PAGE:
First Published: by the Polish Social Democratic Party in 1905.
Source: A Russian edition appeared in Moscow in 1920. A French edition was issued by the French Socialist Party in 1937. First English Edition published by Socialist Review, Birmingham. The text here is reproduced from the 1979 Colombo edition. Copyright free status is verified by a 1972 publication of the same translation, by Merlin Press, without Copyright notice.
Translated: from the French by Juan Punto.
Transcription/Markup: Youth for International Socialism/Brian Baggins.
Copyleft: Luxemburg Internet Archive (marxists.org) 2003. Permission is granted to copy and/or distribute this document under the terms of the GNU Free Documentation License.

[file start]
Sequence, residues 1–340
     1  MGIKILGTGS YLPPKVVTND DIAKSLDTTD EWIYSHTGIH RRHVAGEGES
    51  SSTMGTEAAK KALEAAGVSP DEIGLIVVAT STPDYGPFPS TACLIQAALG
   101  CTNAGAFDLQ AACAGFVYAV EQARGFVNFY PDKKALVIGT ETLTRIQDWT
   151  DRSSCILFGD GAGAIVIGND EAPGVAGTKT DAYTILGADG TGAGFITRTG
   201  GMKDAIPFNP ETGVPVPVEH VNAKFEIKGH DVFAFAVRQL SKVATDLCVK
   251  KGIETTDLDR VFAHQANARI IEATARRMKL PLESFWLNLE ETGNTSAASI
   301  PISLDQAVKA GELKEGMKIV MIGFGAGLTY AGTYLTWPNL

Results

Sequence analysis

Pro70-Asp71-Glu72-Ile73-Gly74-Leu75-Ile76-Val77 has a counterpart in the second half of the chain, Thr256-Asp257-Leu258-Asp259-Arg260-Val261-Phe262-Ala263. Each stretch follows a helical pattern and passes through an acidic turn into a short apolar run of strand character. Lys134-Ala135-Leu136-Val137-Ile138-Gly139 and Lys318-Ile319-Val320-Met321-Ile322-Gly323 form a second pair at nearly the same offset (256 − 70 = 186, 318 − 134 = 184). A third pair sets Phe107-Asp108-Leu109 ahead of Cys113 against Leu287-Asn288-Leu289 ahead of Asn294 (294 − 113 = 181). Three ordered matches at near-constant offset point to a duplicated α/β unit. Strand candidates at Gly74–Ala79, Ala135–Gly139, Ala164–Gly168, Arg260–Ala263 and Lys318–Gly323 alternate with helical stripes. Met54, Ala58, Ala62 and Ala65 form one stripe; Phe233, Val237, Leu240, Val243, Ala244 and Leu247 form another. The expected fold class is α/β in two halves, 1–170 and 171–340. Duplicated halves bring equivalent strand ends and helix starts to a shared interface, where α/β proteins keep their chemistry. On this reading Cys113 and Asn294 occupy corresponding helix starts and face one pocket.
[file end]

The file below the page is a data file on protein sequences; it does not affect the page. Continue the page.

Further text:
From the moment when the workers of our country and of Russia began to struggle bravely against the Czarist Government and the capitalist exploiters, we notice more and more often that the priests, in their sermons, come out against the workers who are struggling. It is with extraordinary vigour that the clergy fight against the socialists and try by all means to belittle them in the eyes of the workers. The believers who go to church on Sundays and festivals are compelled, more and more often, to listen to a violent political speech, a real indictment of Socialism, instead of hearing a sermon and obtaining religious consolation there. Instead of comforting the people, who are full of cares and wearied by their hard lives, who go to church with faith in Christianity, the priests fulminate against the workers who are on strike, and against the opponents of the government; further, they exhort them to bear poverty and oppression with humility and patience. They turn the church and the pulpit into a place of political propaganda.